“Utterly fail” is very absolute, but “in many cases” implies that in all the rest of the cases (whatever fraction that turns out to be), science-based medicine does not “utterly fail”. So, science-based medicine does have some proven and demonstrable value even it is not as good as we would like.

    As I recall from looking at the results from several months ago when the acupuncture versus sham acupuncture versus standard therapy study came out, the initial results showed an advantage for either “real” or sham acupuncture. But, when I looked at the later numbers (near the end of the six month study period), that advantage was much less.

    Thus, I think it not unlikely that if the same study were continued for another six months or six years or the rest of the patients’ lives (as is generally necessary for long term chronic pain), after a few cycles of severe pain followed by regression to the mean, a lot of patients would start to realize that the acupuncture was having no real long term benefit. (just a guess)

    And, the reported reduction in the “patients’ multidimensional suffering as a cognitive emotional and sensory phenomenon” might not be such a big benefit after all.

    And so, until science-based medicine advances to the point where we can really fix the underlying physical cause of the pain (such as by targeted genetic therapy to allow regrowing damaged nerve and muscle and bone tissue), we need to continue to look for better ways to mitigate the suffering of each and every patient.

    But, I am less sanguine that devoting major effort to “figure out what it is that acupuncturists are delivering that may address this suffering” is likely to be a productive strategy.

  26. Alison, regarding pain chart * –

    Hilarious! and yes, because my view is, if I’m going to be in pain I should at least be able to get a good laugh out of it (which confuses some people). Also, anybody who presented me with the second chart would instantly win my “oh, they get it!” award.

    Of course one improvement would be to add – It hurt when I made the appoint 2 weeks ago and it most certainly will hurt worse tomorrow, but today it feels just dandy, thank you. (I have no idea what number that would be.)

  27. michele,

    Yeah, sorry — don’t know what happened there. Glad you were able to make the connection — and glad you appreciate the pain chart!

    Hm. Yes, the “not right now but every other time” chart could be interesting. I think in an immediate sense in the ER it doesn’t matter because their question is do they need to offer you pain meds right now.

  28. Yes, the ER chart needed is definitely different than the PT, Ortho, GP chart. It’s hard to work bear mauling into a PT chart.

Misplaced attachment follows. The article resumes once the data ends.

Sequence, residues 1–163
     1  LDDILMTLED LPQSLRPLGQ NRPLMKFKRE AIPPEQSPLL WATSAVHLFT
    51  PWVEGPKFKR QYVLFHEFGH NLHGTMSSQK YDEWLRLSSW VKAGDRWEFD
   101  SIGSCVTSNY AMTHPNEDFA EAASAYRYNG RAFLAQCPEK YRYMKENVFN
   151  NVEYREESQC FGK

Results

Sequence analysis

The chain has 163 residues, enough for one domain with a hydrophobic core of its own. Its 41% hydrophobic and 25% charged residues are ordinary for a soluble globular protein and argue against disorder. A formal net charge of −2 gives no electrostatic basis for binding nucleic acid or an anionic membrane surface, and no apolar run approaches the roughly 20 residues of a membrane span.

Although when I was in college, I did take a friend to the ER after he experienced intense chest pain with breathing. Once we got there, he said he felt totally better and wanted to leave (Monty Pythonesque). Luckily it was a slow day, so the doc said, “let’s just listen to your chest before you take off.”

    Turns out he had had a ruptured cyst that resulted in a collapsed lung. I think, that is a sad face on the first chart.

  29. cloudskimmer says:

    ceekay and squirrelite: Having a close family member suffering long-term from severe chronic pain has given me some second-hand experience with the condition. As bad as our experience has been with conventional medicine, dealing with sCAM (so-Called Alternative Medicine) was even worse. At least Doctors can offer prescription medication which does give some help; unfortunately there are side effects. With acupuncture, all you get are side effects, since the “treatment” is a sham. And the acupuncturist we visited (only once) was a complete quack, not paying attention to sterility, and also saying that “everyone needs to take enzymes” which they conveniently sold, plus applying a homeopathic ointment. What a load of rubbish! No help, more pain, dizziness, nausea and vomiting followed. The acupuncturist denied being the cause of these problems, but you can bet she would’ve taken credit if a reduction of pain had been the result. So, if needles can balance the chi, couldn’t they also cause an unbalance to the chi and make the symptoms worse?
    Probably most acupuncturists believe in what they do, but they are self-deluded, practicing something that is most likely ineffective. So, there’s no possibility of it improving you situation, and a small chance that it could cause harm. I would strongly urge chronic pain patients avoid acupuncture. After all, it anecdotes are evidence, it causes increased pain, nausea, vomiting and dizziness.

  30. JMB says:

    Dr Novella,

    Just a teaser topic when you are all having drinks together:

    Do you think you could observe placebo effects in a patient with “la belle indifference”?